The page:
Apple has been at the centre of some controversy lately over allegations that it’s been using its power over the App Store to stifle competition from other apps.
To try to show that it’s not using its monopolistic power to pressure people to use its own services, the company has launched a site called App Store – Principles and Practices.
The site starts by explaining what the App Store is and what it does for users on Apple’s platform. It’s a good show of Apple highlighting the good things about the App Store, of which there are many, but it doesn’t answer any of the hard questions.
For example, the site goes to great lengths to explain why Apple goes to such lengths to review and test apps on the store, but it never really explains why users can’t install apps from third-party locations on iOS.
Further into the site, Apple shares some interesting information on how many apps are reviewed for the store every week and how 60 percent of these are accepted while 40 percent are rejected.
This does explain what the App Store is useful for and why it needs money to run, but it still skirts all of the questions that have been brought up in the Apple v Pepper lawsuit and the Apple vs. Spotify fight in the EU.
Apple v Pepper is a lawsuit that alleges that Apple should let users download apps from sources besides the App Store on iOS. The suit alleges that since Apple takes a 30 percent cut of sales made through its store, the company forces developers to inflate the prices of their apps and services to make up for that lost revenue.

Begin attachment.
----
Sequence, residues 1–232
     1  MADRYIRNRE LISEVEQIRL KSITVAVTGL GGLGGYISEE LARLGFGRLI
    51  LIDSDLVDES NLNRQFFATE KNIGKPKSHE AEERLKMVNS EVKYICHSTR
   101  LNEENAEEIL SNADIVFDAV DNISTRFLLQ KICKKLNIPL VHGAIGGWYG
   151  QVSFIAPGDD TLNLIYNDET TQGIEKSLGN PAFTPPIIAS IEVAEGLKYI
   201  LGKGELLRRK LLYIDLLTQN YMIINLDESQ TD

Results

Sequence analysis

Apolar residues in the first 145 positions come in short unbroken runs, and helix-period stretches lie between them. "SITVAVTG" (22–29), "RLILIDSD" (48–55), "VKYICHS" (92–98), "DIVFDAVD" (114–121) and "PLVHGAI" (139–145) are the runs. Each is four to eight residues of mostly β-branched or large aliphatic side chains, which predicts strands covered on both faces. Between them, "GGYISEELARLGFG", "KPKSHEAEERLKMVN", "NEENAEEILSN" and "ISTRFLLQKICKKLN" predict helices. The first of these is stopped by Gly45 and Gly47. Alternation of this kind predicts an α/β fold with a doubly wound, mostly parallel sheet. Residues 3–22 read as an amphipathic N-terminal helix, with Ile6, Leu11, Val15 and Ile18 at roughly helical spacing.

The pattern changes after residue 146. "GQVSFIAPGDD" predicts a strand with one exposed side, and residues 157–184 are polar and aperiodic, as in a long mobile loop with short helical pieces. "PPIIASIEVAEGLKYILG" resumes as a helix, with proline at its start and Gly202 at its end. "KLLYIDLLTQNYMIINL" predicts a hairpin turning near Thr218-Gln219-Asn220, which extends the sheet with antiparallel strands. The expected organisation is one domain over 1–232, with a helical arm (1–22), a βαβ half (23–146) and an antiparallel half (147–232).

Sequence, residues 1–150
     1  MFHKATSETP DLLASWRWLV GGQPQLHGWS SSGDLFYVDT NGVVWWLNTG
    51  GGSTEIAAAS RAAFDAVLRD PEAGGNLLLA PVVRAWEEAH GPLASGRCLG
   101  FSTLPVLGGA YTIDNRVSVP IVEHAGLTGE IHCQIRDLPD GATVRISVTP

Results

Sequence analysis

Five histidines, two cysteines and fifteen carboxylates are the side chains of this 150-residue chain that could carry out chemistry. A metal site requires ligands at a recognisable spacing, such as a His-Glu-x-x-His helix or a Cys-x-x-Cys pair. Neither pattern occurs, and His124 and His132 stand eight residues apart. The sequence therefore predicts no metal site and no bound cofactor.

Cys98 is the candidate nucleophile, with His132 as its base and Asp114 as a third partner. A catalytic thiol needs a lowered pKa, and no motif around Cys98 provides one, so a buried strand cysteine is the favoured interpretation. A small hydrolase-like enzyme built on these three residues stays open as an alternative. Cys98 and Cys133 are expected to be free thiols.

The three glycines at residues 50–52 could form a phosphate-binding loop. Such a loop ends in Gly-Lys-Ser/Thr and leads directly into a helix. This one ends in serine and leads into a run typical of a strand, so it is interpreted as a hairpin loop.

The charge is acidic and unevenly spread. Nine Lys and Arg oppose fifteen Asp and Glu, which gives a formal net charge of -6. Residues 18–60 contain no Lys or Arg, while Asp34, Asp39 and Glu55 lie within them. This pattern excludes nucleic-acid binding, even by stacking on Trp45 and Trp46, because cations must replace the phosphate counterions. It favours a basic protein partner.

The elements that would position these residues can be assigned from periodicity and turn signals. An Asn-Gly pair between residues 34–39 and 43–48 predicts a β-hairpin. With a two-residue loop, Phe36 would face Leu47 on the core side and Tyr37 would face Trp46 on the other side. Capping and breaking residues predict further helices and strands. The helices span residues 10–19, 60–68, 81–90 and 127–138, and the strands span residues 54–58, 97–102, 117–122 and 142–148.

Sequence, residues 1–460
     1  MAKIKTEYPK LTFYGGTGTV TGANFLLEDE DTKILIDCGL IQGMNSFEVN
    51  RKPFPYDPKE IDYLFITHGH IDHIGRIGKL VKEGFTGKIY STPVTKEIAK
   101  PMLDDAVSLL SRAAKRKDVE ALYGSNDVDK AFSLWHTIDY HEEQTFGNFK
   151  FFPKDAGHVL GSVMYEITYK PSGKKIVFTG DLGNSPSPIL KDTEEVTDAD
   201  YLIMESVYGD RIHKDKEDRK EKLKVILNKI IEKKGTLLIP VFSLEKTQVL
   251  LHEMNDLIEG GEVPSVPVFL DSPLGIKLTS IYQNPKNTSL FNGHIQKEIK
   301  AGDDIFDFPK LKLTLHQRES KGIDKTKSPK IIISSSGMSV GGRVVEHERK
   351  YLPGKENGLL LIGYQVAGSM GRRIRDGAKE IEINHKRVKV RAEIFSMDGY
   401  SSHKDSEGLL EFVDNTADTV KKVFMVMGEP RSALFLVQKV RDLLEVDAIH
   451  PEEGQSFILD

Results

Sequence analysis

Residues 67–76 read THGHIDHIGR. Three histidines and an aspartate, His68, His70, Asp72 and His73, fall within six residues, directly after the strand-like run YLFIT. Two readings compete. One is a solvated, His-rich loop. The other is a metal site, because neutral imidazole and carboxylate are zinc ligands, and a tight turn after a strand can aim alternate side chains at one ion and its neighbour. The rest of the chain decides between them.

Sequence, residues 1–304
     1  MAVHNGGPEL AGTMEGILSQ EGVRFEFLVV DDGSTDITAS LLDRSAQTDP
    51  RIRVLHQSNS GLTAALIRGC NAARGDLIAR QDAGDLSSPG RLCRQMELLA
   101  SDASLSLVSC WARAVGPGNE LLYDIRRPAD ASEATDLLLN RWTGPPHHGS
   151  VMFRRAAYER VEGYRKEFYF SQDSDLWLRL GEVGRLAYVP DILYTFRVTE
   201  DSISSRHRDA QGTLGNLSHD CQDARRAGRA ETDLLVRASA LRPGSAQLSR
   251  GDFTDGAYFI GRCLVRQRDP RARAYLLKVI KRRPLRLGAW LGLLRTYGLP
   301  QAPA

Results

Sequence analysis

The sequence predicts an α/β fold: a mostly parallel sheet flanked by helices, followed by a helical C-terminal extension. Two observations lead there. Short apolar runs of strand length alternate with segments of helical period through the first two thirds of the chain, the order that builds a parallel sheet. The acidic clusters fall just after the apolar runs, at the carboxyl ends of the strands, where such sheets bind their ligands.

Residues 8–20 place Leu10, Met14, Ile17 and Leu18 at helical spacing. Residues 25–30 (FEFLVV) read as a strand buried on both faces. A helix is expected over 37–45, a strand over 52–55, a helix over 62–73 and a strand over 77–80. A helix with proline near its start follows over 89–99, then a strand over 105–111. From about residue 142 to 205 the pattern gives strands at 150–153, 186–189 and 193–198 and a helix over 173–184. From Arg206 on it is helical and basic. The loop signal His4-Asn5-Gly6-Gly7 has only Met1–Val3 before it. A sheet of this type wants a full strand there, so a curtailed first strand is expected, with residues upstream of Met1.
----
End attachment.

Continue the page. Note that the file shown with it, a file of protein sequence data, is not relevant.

Apple and Spotify’s debacle is a bit more personal. Spotify lodged an anti-trust complaint with the EU Commission that alleges Apple is using its power over the App Store to hold back Spotify’s apps, changing Spotify’s apps and making the company pay more, so it has to charge more on the App Store to compete with Apple Music.
Out of all of these allegations, Apple has maintained the stance that the App Store is fair and open, and all apps are treated the same way.
The new website furthers Apple’s stance by showcasing all of the good things that the App Store adds to iOS while refusing to answer the questions that people have been asking lately.